Mental Practice

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Returning to action with no fear after an injury may seem far-fetched, but if you're able to visualize yourself coming back, you're already one step closer to recovery.

According to Dr. John Murray, a clinical psychologist in Palm Beach, Fla., who specializes in helping athletes deal with performance-related issues, visualization—or imagery—is the mental practice of creating scenarios in your mind that you may encounter in the future.

A common scenario associated with recovery is the fear of re-injury, but visualization can be used to re-wire your brain to help overcome that fear once you return to action.

"What's nice about visualization," Murray says, "is you can do almost anything. You can practice pushing the limits. Let's say you're a running back. Imagine making an extreme cut after an injury and dealing with it. You do that 100 times in your mind, and then you get out there on the field and you're not hesitant any more, because you've already been there mentally."

Half the battle is getting yourself to approach that movement without hesitation; and Murray believes that visualization will help get you to that point. "Expect the pain and push it beyond what you would normally do," he says, "so you can experience a little bit of the pain that might still be there. Do that in practice, and also do that in your imagery sessions."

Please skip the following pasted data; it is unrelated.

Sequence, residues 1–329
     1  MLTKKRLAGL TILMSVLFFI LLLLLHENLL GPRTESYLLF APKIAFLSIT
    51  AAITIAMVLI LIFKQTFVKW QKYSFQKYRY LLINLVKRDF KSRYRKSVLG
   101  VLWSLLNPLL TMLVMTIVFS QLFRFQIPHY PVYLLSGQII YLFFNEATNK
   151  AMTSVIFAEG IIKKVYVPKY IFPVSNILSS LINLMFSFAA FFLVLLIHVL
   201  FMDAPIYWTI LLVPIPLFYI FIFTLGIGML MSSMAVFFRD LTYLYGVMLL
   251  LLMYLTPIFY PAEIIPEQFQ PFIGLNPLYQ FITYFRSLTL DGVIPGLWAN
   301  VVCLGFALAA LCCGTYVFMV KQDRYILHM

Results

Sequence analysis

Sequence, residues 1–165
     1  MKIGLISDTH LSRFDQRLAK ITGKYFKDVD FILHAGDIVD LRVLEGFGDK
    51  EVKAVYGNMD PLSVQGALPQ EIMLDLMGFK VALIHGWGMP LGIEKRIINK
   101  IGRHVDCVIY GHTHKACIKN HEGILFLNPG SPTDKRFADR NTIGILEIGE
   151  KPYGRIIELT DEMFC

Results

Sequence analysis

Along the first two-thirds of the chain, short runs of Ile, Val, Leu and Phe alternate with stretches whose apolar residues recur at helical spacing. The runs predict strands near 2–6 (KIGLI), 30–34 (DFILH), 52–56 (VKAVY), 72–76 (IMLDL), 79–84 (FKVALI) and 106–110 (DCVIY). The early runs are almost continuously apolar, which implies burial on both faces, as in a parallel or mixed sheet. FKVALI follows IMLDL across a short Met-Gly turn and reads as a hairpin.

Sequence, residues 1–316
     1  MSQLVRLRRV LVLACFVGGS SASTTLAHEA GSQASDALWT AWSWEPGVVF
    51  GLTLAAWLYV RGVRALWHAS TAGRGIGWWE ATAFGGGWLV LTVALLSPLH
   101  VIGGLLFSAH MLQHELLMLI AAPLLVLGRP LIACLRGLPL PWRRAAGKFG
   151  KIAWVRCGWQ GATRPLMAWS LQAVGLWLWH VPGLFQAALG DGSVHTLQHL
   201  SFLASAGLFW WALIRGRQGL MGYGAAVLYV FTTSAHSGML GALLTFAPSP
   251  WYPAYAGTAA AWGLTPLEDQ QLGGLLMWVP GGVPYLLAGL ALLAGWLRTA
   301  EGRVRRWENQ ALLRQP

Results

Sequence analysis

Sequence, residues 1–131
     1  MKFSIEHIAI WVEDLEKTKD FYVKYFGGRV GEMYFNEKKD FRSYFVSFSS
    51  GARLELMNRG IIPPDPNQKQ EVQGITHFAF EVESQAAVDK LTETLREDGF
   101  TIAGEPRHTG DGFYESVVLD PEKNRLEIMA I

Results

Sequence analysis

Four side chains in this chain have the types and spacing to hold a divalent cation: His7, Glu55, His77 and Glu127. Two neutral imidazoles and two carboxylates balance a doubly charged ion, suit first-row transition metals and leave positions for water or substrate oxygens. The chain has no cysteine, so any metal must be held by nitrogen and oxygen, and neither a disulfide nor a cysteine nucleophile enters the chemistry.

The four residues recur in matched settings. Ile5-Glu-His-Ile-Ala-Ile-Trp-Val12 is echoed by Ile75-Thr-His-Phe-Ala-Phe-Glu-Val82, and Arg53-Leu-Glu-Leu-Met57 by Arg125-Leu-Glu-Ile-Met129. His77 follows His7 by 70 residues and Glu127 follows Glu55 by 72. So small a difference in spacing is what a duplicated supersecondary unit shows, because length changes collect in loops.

Effective imagery sessions require more than simply closing your eyes and rehearsing situations in your mind. Murray offers four tips to help you visualize and overcome your fear of re-injury.

1. Practice visualization exercises in a quiet room, either lying down or sitting comfortably, with your eyes closed.
2. Keep a focused yet relaxed attention.
3. Think of pictures rather than words to make imagery seem as realistic as possible.
4. Believe the imagery works, because your attitudes and expectations enhance the effort.

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